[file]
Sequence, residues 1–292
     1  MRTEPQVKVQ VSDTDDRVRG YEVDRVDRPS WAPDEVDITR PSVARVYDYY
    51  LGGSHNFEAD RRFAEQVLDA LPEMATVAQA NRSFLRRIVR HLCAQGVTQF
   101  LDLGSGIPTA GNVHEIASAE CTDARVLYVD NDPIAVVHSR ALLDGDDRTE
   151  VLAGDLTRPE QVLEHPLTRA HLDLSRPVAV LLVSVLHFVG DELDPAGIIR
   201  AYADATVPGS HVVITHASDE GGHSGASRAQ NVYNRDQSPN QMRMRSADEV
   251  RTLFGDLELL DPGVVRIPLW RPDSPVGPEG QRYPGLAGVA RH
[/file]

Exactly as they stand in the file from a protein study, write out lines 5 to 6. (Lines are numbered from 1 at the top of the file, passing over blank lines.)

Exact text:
   151  VLAGDLTRPE QVLEHPLTRA HLDLSRPVAV LLVSVLHFVG DELDPAGIIR
   201  AYADATVPGS HVVITHASDE GGHSGASRAQ NVYNRDQSPN QMRMRSADEV